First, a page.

The Dryad Collection
Between 1907 and 1936, Harry Peach collected objects from Britain and Europe as well as British colonies in Africa, Australia, South Asia, the Pacific, and Malaysia. His dream was to found a new museum using the collection with an educational purpose, but this never happened and this material culture has been donated by his business, the Dryad craftwork association, to the New Walk Museum (now Leicester Museum and Art Gallery) in 1969. Since then, it has been kept mainly in the storage or as part of the ‘World gallery’.
The Dryad collection is extremely diverse in terms of provenance and manufacture, and reveals the different interests that might have lead Peach in collecting such ‘oddments’, as he likes to define his own objects in the correspondence with friends. In fact, among the shelves of the museums’ storage it is possible to find material culture from all over the world: painted eggs from Czechoslovakia, woolen works from Serbia and Russia, wooden puppets from Germany, basketworks from Malaysia, palm leaf fans from the Pacific Islands, rag dolls from India, coconuts and gourd from east Africa, textiles from Morocco just to mention some.
Browsing the Archives of the Special Collections of David Wilson Library, it seems that education was the glue that kept Peach’s curiosities together. From the correspondence with William Lethaby, the great promoter of the rational design in Britain, and Benjamin Fletcher, at that time director of Art Education at Birmingham School of Art, it emerges a desire to overturn the academic trend of the Schools of Art, by looking at other countries, manufacture, and techniques.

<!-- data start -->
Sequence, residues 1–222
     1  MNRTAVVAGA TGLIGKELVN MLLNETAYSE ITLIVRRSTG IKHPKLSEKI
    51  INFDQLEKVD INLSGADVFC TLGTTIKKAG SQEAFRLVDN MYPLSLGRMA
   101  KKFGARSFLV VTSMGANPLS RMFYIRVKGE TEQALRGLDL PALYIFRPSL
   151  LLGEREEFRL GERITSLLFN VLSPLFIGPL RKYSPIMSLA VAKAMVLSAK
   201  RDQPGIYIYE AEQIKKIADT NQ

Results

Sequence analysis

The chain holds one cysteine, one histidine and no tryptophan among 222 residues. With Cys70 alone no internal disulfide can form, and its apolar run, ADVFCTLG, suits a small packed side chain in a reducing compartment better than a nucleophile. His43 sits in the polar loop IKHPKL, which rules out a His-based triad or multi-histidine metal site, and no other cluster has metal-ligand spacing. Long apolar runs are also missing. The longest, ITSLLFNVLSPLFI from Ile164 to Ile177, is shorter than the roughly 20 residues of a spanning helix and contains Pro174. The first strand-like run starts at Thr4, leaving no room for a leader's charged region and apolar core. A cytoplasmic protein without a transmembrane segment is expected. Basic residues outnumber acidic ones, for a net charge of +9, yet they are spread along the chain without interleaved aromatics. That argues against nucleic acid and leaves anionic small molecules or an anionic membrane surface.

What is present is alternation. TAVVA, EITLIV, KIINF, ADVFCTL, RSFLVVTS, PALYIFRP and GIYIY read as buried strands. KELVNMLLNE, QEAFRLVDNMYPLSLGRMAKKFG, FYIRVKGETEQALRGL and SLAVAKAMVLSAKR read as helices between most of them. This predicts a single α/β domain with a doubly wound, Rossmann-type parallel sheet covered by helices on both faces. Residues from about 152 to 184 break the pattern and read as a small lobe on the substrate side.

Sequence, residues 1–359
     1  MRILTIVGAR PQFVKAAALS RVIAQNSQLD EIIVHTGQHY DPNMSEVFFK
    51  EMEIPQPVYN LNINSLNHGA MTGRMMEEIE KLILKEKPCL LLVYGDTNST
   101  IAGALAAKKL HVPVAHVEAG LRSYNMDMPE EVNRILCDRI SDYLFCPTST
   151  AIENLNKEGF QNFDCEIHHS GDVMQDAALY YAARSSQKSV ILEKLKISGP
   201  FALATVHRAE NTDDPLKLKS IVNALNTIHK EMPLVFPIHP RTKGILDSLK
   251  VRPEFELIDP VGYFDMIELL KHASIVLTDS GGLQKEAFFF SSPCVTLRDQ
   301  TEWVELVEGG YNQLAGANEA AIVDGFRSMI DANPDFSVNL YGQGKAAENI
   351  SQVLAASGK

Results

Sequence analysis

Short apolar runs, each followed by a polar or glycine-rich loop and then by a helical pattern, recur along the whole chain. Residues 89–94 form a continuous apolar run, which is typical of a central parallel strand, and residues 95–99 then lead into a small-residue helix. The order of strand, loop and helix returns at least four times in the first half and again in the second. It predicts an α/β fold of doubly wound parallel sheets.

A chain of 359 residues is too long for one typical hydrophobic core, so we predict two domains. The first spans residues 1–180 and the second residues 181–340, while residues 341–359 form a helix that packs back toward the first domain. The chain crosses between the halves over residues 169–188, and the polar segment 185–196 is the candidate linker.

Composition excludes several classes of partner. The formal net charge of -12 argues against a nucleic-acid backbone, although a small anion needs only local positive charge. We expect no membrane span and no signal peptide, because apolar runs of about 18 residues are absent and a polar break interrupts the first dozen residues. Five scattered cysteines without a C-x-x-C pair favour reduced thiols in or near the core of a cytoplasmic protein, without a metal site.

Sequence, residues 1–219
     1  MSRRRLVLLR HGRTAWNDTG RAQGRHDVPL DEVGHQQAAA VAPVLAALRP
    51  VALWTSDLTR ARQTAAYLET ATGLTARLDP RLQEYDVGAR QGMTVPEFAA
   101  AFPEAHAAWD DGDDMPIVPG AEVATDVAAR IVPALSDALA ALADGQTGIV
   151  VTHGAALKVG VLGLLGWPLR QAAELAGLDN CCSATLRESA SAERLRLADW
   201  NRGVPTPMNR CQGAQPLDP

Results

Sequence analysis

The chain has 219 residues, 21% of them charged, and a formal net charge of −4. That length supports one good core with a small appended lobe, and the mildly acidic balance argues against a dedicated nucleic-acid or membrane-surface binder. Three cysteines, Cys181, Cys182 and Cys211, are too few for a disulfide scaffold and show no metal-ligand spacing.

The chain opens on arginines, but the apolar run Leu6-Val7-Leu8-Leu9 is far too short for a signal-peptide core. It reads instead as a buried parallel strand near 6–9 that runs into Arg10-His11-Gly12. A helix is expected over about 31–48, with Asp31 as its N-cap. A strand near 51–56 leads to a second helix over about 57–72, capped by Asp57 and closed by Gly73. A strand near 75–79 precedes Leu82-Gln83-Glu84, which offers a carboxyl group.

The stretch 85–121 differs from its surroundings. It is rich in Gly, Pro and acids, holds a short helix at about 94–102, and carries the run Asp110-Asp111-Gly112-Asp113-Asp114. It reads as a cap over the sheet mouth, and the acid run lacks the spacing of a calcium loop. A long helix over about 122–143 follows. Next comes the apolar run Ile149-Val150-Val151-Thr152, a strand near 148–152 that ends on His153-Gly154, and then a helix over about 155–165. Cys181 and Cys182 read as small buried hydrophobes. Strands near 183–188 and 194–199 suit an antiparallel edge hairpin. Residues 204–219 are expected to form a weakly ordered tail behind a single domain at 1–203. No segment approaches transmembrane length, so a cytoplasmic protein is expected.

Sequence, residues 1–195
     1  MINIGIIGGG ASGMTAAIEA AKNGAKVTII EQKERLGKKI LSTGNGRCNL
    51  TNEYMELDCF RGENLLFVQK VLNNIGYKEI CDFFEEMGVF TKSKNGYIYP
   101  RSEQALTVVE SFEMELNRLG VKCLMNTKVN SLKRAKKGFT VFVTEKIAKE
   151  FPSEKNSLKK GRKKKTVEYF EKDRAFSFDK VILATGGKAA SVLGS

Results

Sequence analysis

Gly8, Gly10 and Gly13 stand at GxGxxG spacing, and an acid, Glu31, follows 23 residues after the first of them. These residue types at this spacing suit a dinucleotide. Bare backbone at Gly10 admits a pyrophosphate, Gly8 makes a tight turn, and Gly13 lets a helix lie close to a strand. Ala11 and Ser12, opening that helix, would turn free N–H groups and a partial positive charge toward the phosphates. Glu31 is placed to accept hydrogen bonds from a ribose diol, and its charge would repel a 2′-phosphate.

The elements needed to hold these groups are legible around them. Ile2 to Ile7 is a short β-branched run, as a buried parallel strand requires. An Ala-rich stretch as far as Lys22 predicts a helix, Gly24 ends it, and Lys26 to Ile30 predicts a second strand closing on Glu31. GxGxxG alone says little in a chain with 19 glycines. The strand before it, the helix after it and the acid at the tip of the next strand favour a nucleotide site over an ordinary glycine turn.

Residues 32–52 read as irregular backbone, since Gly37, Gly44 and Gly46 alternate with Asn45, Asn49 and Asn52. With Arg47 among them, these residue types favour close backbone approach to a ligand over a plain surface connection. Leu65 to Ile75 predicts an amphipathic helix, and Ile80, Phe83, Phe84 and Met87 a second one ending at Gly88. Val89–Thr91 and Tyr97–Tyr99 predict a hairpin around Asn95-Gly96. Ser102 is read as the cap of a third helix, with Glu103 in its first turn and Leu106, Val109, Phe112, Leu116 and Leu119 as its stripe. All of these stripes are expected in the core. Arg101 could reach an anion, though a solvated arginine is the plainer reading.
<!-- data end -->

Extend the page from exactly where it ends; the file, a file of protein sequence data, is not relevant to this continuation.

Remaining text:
Peach was a middle-class man who had the opportunity to study any subject wherever he wanted. However, he decided not to receive an academic education, as he rejected the University mission based on ‘the theory’, in favour of an alternative approach based on a process of ‘learning by doing’.
I find it fascinating and pioneering that Peach, with a global perspective, gathered objects from all over the world to question the education British system, and improve it. From the archival research and the documents at the museums’ store, it appears that Peach acquired the collection in missionary exhibitions and international expositions, which had the political role to promote the idea of an ‘European imperial culture’. Now, my PhD research aims to illuminate the rationale behind this fascinating collection within the contemporary exhibitionary context, and what linkages with the global and imperial reality the Dryad collection can reveal.
Researched and written by Maria Chiara Scuderi